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Mumbai: High-profile investors in the embattled National Spot Exchange Ltd (NSEL) are exploring legal options, apprehending default by the commodity exchange, even as NSEL is likely to release the plan to meet its payout obligations on Wednesday.

NSEL is a unit of the Jignesh Shah-run Financial Technologies (India) Ltd (FTIL). Multi Commodity Exchange of India Ltd (MCX) is also part of the same group.

In a hurriedly called press conference on Tuesday, a group of investors and brokers led by Nirmal Jain, chairman of India Infoline Ltd, Motilal Oswal, chairman and managing director of Motilal Oswal Financial Services Ltd, and Anand Rathi, founder and chairman of Anand Rathi Financial Services Ltd, said that a few of them had visited some of the warehouses and discovered that these did not have the quantity of the stock mentioned by NSEL. In some cases, there was no stock at all and the warehouse receipts were fake, they alleged.

Though there are reports that NSEL has engaged Switzerland-based SGS to audit stocks across 89 godowns of the exchange, an investor from Delhi alleged that SGS has merely drafted an offer letter to audit the stock held at warehouses and nothing has been finalized as yet.

The reports said that SGS India, a part of Switzerland-based SGS Group Management SA, has been given the mandate to audit 21 commodities that are stocked across 87 warehouses of NSEL. The group is one of the world’s biggest inspection, verification, testing and certification companies.

“We want the government to take over NSEL, just as it had taken over Satyam (Computer Services Ltd) together with its assets and liabilities and everything. The government should also take over FTIL and MCX ) till such time all payments of the investors are done," Sharad Kumar Saraf, managing director of Technocraft Industries (India) Ltd, said.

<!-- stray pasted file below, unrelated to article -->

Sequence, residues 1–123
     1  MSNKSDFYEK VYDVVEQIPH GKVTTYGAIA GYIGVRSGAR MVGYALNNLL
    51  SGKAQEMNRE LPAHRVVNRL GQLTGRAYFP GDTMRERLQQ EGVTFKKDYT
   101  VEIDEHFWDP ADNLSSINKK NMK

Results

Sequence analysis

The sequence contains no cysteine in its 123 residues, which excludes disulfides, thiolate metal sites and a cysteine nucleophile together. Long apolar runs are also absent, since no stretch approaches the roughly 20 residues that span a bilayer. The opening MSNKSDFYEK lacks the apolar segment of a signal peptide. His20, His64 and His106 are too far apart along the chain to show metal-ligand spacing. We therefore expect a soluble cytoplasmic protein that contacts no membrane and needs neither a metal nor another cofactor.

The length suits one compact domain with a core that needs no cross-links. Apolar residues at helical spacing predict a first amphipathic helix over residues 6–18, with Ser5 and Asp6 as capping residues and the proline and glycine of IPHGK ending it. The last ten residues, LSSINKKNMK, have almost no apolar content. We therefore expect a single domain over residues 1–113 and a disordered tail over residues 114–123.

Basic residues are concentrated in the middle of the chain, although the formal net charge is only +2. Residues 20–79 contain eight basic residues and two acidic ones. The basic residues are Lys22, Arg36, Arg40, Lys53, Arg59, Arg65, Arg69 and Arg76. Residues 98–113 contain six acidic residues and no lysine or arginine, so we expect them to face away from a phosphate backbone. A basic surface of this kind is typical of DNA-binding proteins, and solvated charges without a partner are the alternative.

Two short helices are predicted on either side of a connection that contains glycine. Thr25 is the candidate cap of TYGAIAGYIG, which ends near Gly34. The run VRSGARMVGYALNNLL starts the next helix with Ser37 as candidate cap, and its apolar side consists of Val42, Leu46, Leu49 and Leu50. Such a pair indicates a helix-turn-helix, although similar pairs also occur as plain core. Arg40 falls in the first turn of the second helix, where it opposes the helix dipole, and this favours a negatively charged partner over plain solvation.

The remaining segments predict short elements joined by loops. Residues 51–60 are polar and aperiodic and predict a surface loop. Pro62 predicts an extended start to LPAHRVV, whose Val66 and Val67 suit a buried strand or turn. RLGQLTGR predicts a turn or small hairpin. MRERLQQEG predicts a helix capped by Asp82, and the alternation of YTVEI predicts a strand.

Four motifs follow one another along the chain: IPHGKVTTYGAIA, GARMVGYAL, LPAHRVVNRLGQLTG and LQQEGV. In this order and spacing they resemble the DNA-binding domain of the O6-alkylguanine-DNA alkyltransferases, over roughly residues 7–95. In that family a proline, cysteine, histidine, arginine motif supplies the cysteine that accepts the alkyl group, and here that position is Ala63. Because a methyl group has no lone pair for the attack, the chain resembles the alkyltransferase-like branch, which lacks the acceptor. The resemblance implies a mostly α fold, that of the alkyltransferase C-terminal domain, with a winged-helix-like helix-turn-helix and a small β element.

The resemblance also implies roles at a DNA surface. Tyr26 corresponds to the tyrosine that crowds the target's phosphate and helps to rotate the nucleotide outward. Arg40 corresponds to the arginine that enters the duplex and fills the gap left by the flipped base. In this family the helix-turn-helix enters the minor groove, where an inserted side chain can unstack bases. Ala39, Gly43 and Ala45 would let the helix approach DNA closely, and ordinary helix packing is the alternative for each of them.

His company has 60 crore exposure to NSEL.

Saraf said his company is in talks with lawyers to freeze the assets of Shah of FTIL.

“From where will the money come? If FMC (Forward Market Commission, the commodity futures regulator) guarantees 5% of payout every week (from NSEL), we will accept," Saraf told reporters.

NSEL said it was wrong to hold the promoter responsible.

“We would like to clarify that 23 buyers are required to meet their pay-in obligations and any default would be dealt as per legal default proceedings," said Anjani Sinha, managing director and CEO, NSEL.

“The management of NSEL under the supervision of the board is making all attempts to ensure settlement is achieved. This institution has been used by industry satisfactorily for three years and now exclusively holding the promoter responsible is inappropriate."

Anand Ladsariya, another investor in the exchange, said, “This is a question of trust. Today it has happened with this exchange, tomorrow there could be another commodity exchange... The entire financial system will go bust this way."